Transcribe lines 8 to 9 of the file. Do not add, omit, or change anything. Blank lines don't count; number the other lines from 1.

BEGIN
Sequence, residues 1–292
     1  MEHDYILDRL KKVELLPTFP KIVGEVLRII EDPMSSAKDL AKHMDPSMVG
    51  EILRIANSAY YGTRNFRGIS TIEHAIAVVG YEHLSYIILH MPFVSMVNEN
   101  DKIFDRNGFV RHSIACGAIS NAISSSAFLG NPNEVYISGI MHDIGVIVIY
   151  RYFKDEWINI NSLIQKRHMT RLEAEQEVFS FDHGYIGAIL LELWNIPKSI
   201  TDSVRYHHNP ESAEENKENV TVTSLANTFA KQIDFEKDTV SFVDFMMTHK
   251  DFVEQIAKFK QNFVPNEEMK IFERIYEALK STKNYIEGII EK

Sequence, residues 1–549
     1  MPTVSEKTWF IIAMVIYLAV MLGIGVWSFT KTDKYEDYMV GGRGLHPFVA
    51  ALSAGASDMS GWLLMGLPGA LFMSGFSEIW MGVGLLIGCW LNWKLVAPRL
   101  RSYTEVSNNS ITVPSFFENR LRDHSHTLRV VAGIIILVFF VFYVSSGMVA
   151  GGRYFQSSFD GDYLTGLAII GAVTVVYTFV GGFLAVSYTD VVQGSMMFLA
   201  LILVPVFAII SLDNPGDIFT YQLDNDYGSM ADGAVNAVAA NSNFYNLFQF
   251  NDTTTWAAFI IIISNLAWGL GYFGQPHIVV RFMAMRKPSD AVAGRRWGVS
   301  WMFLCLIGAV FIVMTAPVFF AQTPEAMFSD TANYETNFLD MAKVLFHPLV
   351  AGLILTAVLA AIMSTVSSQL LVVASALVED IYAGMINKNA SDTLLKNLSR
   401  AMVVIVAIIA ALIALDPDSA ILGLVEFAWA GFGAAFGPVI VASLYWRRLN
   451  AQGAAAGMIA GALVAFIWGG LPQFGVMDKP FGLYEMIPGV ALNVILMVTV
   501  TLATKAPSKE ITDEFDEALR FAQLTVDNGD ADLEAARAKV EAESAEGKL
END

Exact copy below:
Sequence, residues 1–549
     1  MPTVSEKTWF IIAMVIYLAV MLGIGVWSFT KTDKYEDYMV GGRGLHPFVA